Indy pastor camps out to raise awareness about violence

INDIANAPOLIS (WISH) — An Indianapolis pastor is setting up camp on the city’s near northwest side to raise awareness about crime and violence.

The pastor of Christ Missionary Baptist Church has set up a tent near 30th Street and Martin Luther King Drive for the next 30 days.

On the same day of beginning his 30 day mission to raise awareness about violence, Pastor John Girton, Jr. also did a funeral service for a murder victim.

“I did a funeral for one murder victim and I stood at the casket with his two children and one of the things I thought was, I didn’t want it to become a routine that I would stand there and funeralized somebody who died too soon,” said Girton, Jr. “Then I have to stand there with those survivors, who are left behind who need to bring closure.”

The pastor is hoping that his efforts will get people talking about change, but more importantly listening to people affected by senseless violence.

The tent is set up in front of a small shopping center on the northwest side of Indianapolis. The tent caught the attention of many residents, including Jomo Smith.

“Honestly, I think it’s a very positive move on the pastor’s part. Hopefully it can inspire and open up some eyes to those who may not be aware of what’s going on and inspire those who do know what’s going on to try to help out with anyway they can,” said Smith.

Smith has lived in the neighborhood for about five years. He said times are changing and the violence has only gotten worse.

“We need to figure out a way to get this under control, you know? Because a lot of young lives are being lost or taken for senseless acts,” said Smith.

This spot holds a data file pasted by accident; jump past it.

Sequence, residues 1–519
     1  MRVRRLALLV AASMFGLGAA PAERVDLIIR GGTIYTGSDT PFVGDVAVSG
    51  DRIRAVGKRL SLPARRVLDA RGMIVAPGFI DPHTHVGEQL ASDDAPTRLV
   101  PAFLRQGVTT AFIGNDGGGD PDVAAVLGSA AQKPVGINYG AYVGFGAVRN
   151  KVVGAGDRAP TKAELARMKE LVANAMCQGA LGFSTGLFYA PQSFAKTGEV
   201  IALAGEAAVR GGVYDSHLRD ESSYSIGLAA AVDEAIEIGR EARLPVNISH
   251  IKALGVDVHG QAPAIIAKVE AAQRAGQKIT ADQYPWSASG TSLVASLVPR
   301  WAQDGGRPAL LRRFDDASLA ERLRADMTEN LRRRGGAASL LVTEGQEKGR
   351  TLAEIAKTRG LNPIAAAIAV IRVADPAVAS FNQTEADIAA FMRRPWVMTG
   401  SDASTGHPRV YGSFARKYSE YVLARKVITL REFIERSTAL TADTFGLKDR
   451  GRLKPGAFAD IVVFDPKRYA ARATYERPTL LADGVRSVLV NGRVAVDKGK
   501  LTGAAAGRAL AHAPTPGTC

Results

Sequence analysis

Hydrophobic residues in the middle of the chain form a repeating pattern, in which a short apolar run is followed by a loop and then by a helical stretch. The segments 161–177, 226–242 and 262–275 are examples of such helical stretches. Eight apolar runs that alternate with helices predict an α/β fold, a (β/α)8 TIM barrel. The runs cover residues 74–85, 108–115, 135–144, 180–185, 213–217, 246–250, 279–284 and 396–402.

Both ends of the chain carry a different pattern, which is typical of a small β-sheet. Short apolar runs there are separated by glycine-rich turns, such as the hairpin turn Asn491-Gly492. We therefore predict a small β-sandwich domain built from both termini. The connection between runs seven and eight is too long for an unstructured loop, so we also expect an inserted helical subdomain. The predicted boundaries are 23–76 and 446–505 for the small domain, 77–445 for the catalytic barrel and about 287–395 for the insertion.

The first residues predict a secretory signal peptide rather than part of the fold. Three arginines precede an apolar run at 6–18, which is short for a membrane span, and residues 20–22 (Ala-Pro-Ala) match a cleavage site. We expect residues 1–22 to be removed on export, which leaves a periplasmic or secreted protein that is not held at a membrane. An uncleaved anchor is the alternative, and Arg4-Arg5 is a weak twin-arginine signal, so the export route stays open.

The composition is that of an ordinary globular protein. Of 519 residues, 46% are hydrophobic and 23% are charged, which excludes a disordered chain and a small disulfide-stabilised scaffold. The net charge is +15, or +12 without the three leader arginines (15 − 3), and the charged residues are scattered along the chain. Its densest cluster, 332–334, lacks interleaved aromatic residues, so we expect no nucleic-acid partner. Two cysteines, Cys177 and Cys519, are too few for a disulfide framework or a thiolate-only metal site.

Girton, Jr. wants to change that and prevent it altogether, but he can’t do it alone.

“We need people to show up in these hurting areas and give some hope where a lot of people are hopeless,” said Girton, Jr.

The father of three came up with the idea to pitch a tent for 30 days in one of the hardest hit neighborhoods.

Many people from his congregation along with strangers helped to set everything up for the first day.

“I could go down to the circle, but I don’t want to go down to the circle, that’s not where the issues are,” he said. “I want to come right here where the bank is gone and where I got to figure out a way to get an apple now.”

The tent also has a generator and the pastor said he will spend a lot of time writing down his thoughts and praying.

He’s encouraging residents to stop by and to voice their concerns. He’s also challenging city leaders to do the same, but to also listen to residents.

“I’m certainly hoping that after we get done in here, after 30 days, that we can galvanize people to start, to become a momentum that folks can continue even after this tent is down,” said Girton Jr.

After the 30 days are up, the pastor said he will look over the ideas gathered from the conversations and evaluate.

The pastor is also hoping to raise $500,000 to build a community center, what he calls an epicenter of empowerment and education in the same spot where he’s setting up camp.

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